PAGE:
Promoting inclusive care environments for older people with sexual and gender diversities

Promoting inclusive care environments for older people with sexual and gender diversities

Trish Hafford-Letchfield explains how older LGBT in residential care are victims of a ‘double trauma’ and gives the example of a project that aims to foster their inclusion 

In some international regions, there have been substantial achievements in legislative and human rights for lesbian, gay, bisexual and transgender (LGBT) older people.  This has increased their visibility in health and social care but at the same time, these rights have surpassed the ability of care services to meet their needs through a lack of awareness, training and engagement.  There is a wealth of documented concerns about the accessibility, inclusiveness and safety of care services for LGBT older people particularly concerning  institutionalised care.

In these closed environments, older LGBT people may become disadvantaged and marginalised in relation to the issue of ageing and sexuality, giving rise to a kind of multiple exclusion and multiple ageism. For example, we know very little about what constitutes optimal conditions for promoting inclusive practices and how older people and staff in care settings can foster these meaningful, essential and inclusive relationships. While some of the issues facing LGBT people are likely to be similar for all older people, LGBT people live with a legacy of times when social attitudes were less tolerant and legislation criminalised rather than protected them. In some countries, this is still very much the case.

Consequently, some older LGBT individuals have maintained privacy about their sexual orientation and/or gender identity over a lifetime or may not disclose central aspects of their identity in order to feel safe when accessing health, social care and housing provision in later life. For those previously ‘out’, they may go back in the closet. For older LGBT individuals therefore, moving into a care home can be experienced as a “double trauma” given the need to adapt to communal living coupled with anxieties about being obliged to conceal differences in gender identity and sexual orientation.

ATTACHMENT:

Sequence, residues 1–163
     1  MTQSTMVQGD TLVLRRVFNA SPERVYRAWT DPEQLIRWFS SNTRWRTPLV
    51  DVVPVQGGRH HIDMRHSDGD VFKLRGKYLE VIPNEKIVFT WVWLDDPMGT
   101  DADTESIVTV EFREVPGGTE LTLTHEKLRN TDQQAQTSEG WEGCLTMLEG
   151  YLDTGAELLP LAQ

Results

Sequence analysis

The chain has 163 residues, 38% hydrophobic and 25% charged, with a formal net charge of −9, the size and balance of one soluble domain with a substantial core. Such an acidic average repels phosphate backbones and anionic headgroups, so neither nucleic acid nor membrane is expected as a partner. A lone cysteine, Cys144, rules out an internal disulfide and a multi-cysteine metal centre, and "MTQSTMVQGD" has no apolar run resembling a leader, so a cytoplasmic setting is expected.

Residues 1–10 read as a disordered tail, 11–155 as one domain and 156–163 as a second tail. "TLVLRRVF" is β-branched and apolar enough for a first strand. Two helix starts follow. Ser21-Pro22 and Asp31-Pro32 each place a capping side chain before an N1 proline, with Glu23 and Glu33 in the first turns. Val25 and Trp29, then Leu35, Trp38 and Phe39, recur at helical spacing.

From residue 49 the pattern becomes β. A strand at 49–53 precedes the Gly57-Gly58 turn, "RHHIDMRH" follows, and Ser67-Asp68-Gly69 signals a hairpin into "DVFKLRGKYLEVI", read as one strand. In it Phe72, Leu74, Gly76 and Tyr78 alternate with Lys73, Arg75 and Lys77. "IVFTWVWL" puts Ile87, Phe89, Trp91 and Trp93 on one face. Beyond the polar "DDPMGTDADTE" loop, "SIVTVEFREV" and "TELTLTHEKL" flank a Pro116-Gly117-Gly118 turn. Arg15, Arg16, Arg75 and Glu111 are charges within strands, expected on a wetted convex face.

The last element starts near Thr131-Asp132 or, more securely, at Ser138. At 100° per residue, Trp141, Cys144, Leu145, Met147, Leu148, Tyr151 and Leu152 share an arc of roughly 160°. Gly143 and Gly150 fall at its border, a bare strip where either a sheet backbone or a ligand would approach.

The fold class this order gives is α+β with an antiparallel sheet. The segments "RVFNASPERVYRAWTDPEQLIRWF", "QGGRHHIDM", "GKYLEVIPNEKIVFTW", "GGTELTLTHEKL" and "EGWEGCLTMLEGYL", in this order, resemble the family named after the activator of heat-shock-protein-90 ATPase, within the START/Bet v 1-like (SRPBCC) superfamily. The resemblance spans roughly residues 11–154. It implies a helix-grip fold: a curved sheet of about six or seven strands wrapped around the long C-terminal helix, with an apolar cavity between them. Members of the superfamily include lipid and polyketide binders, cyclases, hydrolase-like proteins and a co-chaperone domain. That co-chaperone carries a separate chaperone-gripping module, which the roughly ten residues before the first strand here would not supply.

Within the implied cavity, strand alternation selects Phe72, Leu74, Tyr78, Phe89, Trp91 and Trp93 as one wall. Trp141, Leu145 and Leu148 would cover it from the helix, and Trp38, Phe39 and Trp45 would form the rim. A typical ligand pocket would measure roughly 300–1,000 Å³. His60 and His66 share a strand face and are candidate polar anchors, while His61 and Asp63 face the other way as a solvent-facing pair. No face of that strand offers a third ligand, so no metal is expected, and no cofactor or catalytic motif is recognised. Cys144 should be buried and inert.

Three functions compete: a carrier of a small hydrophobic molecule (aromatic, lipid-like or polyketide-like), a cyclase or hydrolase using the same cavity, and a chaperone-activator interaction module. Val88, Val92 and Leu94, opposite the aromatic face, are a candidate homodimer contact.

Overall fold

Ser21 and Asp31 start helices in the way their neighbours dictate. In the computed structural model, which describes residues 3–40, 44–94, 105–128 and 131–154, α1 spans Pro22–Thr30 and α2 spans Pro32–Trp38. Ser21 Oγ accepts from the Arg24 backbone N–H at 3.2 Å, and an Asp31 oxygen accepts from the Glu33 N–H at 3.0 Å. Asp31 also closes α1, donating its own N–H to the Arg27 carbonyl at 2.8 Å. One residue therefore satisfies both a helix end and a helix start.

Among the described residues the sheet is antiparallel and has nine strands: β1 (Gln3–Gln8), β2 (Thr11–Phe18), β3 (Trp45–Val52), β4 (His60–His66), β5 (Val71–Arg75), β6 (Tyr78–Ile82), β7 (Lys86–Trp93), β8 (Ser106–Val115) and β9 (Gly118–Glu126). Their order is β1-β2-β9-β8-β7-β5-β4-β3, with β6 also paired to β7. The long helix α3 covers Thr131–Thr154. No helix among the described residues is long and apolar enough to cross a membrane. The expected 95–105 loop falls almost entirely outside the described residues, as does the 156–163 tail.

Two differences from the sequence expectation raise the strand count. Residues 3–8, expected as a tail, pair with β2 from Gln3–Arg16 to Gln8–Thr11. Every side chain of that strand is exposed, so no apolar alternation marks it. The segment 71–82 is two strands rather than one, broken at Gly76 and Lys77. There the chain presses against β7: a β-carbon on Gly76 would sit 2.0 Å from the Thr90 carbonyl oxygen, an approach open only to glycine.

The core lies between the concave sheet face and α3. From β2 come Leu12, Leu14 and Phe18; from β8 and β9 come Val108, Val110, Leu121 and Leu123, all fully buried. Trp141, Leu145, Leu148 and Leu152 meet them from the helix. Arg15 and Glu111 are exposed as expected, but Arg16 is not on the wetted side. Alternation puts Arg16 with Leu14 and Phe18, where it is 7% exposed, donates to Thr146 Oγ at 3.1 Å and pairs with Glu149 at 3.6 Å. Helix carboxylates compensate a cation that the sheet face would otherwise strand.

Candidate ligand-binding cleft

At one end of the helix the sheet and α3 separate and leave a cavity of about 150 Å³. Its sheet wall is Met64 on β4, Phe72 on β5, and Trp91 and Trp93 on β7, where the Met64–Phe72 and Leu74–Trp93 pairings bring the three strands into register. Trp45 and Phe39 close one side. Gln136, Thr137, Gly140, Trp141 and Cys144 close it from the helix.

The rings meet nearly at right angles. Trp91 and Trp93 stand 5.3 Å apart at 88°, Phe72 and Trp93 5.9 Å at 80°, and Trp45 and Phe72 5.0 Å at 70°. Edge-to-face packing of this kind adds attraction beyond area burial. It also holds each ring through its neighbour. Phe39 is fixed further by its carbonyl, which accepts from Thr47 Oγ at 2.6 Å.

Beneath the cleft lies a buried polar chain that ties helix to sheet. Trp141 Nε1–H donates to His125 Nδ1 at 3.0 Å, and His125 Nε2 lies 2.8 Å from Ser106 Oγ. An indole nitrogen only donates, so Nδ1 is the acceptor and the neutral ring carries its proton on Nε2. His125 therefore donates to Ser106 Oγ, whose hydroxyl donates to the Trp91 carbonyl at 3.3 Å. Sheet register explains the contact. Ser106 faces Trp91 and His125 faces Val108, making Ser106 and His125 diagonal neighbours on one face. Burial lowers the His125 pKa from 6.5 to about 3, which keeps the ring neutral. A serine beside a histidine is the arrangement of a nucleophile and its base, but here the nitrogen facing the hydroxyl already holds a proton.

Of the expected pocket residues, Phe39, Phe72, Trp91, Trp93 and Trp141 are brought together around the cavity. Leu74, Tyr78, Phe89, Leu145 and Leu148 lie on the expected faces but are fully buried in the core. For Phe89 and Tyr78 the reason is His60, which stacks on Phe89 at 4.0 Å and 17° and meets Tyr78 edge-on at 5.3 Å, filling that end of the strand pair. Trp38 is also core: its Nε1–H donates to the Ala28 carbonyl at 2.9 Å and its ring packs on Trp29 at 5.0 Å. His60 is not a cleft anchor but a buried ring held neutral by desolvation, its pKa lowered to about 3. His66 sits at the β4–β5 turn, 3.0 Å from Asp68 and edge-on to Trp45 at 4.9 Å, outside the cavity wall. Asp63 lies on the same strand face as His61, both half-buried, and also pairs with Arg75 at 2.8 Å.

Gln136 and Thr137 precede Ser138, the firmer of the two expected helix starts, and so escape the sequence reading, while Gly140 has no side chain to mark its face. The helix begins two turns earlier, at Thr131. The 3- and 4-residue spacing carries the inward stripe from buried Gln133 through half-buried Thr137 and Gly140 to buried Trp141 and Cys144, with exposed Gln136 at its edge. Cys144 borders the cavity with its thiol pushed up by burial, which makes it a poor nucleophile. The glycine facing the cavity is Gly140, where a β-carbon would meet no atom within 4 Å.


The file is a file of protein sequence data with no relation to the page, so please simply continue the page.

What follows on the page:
The importance of working co-productively

One of our projects aimed to pilot and evaluate a scheme within six care homes in England to enhance the inclusion of their older LGBT residents. The evaluation findings highlighted the importance of giving attention to several related concerns as follows:

  1. providing opportunities for care staff to develop awareness and knowledge of working with older LGBT people;
  2. enabling care home managers to demonstrate leadership in an area of equality and diversity and to receive support in shaping the culture of their own care home environment; and
  3. a requirement for an evidence-based assessment and development tool to “audit” and benchmark good practice in LGBT inclusion.

Again, by working closely with older LGBT themselves, we were able to reflect and learn directly from them about the importance of working co-productively to find solutions. The project adopted a co-productive approach through the recruitment of volunteer LGBT Community Advisors and collaborated with them in the planning and execution of the project. Community Advisors engaged with managers and staff in care homes and used their own expertise and experience to develop a series of conversations, activities and action planning to try and develop more awareness and commitment.


Learning material in development

The project achieved change at a micro-level which was evident in the small but notable shifts noticed by the Community Advisors in staff responses to the life-stories of LGBT individuals that they brought through their commitment and involvement. Similar shifts were discernible in interview accounts from managers pre- and post-intervention, who started to consider and, in some cases, initiate their own strategies for organizational change. The relationships developed between Community Advisors and care home staff and managers were critical in facilitating these changes. This project represents a staging-post in what needs to be a longer-term campaign at a national level to combat ageism for people with diverse sexual and gender identities.

Further, we are currently working with other countries in the EU to use a co-productive approach to developing learning materials which can support professionals engage with LGBT ageing, sexuality, gender and sexual identities. We hope that you will follow our project website to see how it develops.


Read also:

We must respect older people’s varying identities: a message from MEP Sirpa Pietikäinen

Older LGBTQI People: IFA, Egale Canada and SAGE call to action

Ageism and sexuality


Trish Hafford-Letchfield is Professor of Social Care at Middlesex University, London, UK.  She is a qualified nurse, social worker and educator and her main interests are in promoting the quality of older people from marginalised communities:


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